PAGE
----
Sudden Infant Death Syndrome

Sudden Infant Death Syndrome (SIDs) is the sudden death of an infant due to unknown/indeterminate causes – usually during the first 3 to 12 months. It is the major post-neonatal cause of death in developed countries, being the leading cause of sudden unexpected infant deaths (SUIDs). It commonly used to be called ‘cot death’. SIDS occurs during sleep. It is more common in Western countries (the rate is up to 10x more in developed countries).

Risk factors:
Sleeping on stomach;  overheating (eg close to heater; too many bedclothes);  use of formula feeding rather than breast feeding;  smoking during pregnancy;  drug addiction of mother during pregnancy; co-sleeping (increased risk for accidental suffocation); pre-term (<39 weeks of gestation); delayed or no prenatal care; lower birth rate; younger mothers; genetic (more common in boys).
No one risk factor in isolation is sufficient to cause SIDS.

The definition of SIDS is that it is currently unexplained, so the cause is not known or clear.

The “Triple-Risk Model” has been proposed and that is SIDS is considered to occur when the three conditions exist simultaneously:

  • Vulnerability: the infant has an underlying abnormality which reduces there ability to respond to low oxygen or high carbon dioxide blood levels (eg brainstem abnormality; pre-term; parents smoking).
  • Trigger: the infant is exposed to a triggering event (eg sleeping face down; infection; co-sleeping).
  • Timing: this vulnerability and triggering event occurs at a critical period in the infants development.

Clinical features:
Cyanosis;  fixed dilated pupils; pale, cool skin; absent respirations; absent pulse

Immediate management:
Quick and carefully examination and attempt resuscitation if any doubt. Otherwise leave the infant as found and contact ambulance. Remain until police arrive.
Grief support for families is important.

Differential diagnosis: accidental suffocation; shaken baby syndrome (child abuse); head injury; infanticide; MCAD deficiency; cardiac dysrhythmias; poisoning; anemia; carbon monoxide toxicity; hypothermia; long QT syndrome; hypoglycemia; infection (eg meningitis, pneumonia); inborn errors of metabolism.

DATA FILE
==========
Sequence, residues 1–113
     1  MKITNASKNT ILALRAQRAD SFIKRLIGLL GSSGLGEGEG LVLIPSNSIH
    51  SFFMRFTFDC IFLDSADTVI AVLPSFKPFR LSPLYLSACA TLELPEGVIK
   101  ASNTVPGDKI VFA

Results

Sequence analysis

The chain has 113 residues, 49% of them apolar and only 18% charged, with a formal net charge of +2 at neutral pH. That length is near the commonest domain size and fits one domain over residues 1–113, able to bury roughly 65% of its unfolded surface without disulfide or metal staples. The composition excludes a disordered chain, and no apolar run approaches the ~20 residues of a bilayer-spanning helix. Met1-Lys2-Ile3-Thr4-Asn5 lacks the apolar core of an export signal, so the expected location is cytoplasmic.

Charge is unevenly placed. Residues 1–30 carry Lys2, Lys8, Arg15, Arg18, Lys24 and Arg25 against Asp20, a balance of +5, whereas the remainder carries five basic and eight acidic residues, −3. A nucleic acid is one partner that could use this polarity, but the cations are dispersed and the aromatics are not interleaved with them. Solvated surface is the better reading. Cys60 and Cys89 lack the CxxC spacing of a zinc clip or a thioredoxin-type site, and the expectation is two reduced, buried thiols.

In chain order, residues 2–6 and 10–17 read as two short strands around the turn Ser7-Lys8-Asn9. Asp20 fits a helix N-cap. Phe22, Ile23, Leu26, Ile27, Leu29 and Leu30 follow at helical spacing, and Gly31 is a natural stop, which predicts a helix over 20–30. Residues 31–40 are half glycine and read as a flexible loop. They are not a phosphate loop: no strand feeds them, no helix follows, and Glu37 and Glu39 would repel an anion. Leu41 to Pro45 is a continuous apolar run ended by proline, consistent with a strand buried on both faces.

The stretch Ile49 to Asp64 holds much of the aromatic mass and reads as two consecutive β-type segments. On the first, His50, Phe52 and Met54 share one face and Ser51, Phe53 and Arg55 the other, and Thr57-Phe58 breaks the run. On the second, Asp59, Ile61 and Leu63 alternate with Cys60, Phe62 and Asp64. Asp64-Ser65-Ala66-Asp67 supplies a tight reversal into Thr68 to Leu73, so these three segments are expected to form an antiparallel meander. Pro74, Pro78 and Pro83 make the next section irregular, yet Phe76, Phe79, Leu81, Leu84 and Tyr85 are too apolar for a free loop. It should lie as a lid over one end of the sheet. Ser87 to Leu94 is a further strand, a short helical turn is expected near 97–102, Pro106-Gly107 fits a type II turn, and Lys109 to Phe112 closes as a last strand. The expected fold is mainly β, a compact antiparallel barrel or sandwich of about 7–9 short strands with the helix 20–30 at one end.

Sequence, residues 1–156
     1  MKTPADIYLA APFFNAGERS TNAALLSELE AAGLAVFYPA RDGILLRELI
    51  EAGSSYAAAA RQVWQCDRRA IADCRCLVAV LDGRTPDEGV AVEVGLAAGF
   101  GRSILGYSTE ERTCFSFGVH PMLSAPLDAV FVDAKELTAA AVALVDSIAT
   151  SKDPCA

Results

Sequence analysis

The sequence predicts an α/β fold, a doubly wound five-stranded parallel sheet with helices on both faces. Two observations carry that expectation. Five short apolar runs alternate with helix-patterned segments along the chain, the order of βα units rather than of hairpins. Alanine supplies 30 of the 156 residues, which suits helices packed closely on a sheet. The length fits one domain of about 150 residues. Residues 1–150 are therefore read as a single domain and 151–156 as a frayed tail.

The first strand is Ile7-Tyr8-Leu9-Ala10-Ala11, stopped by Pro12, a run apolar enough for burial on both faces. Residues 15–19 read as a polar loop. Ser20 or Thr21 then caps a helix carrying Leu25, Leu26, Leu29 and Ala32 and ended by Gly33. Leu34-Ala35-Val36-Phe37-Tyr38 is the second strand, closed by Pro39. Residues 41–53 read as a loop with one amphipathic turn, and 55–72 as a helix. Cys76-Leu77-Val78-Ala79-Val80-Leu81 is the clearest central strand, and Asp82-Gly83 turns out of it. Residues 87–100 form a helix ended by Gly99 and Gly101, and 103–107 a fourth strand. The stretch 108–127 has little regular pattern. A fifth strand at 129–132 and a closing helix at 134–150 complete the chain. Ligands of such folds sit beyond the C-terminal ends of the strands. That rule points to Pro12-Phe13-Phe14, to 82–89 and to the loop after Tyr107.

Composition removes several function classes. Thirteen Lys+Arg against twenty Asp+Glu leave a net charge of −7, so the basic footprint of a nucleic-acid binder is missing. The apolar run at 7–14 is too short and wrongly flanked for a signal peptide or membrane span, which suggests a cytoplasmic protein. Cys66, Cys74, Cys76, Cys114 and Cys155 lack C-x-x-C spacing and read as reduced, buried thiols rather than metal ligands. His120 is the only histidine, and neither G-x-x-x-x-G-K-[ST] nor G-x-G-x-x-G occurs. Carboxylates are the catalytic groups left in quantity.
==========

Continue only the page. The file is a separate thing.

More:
The diagnosis based on the definition is that the death remains unexplained after exclusion of other causes, an autopsy and a death scene investigation.

Public health measures and campaigns have reduced the incidence – advice includes:
• place baby on back to sleep (unless there is a medical reason to sleep on side or stomach)
• keep the head uncovered during sleep
• keep baby’s environment smoke free
• breastfeeding and immunization are probably preventive

The American Academy of Pediatrics published updated guidelines in 2022 (link):

  • Babies should sleep on their back on a firm, flat, non-inclined surface free of soft goods, such as blankets and toys. These items, while appealing to many parents, can pose suffocation hazards.
  • The sleep surface should, at minimum, comply with all federal safety standards.
  • Any inclined surfaces, including car seats, strollers, infant carriers and infant slings, should be avoided for routine sleeping, especially for infants younger than 4 months.
  • Swaddling has not been shown to reduce the risk of SIDS. If babies are swaddled, they should always be placed on their back. Weighted swaddles or weighted objects within swaddles are unsafe. Swaddling should be stopped when a baby starts trying to roll over, usually at 3 or 4 months or earlier, as the swaddle can pose a suffocation hazard.
  • Parents should avoid devices marketed to reduce the risk of SIDS or other sleep-related deaths. There is no evidence for such claims, and they may lull parents into a false sense of security.
  • While there is no contraindication to using home cardiorespiratory monitors or wearable monitors, there is no evidence that using them will prevent SIDS. Families who decide to use these monitors should still follow the safe sleep guidelines.
  • Parents should sleep in the same room as baby, but not in the same bed.


  • Anti-vaccine cult members often use social media to comment on postings about SIDS cases to blame vaccines and blame the parents for vaccinating their infant. Some of this behavior is quite despicable and insensitive. The incidence of SIDS is lower in those who are fully vaccinated and that evidence is very clear.

Page last updated: @ 7:39 am

Comments are closed.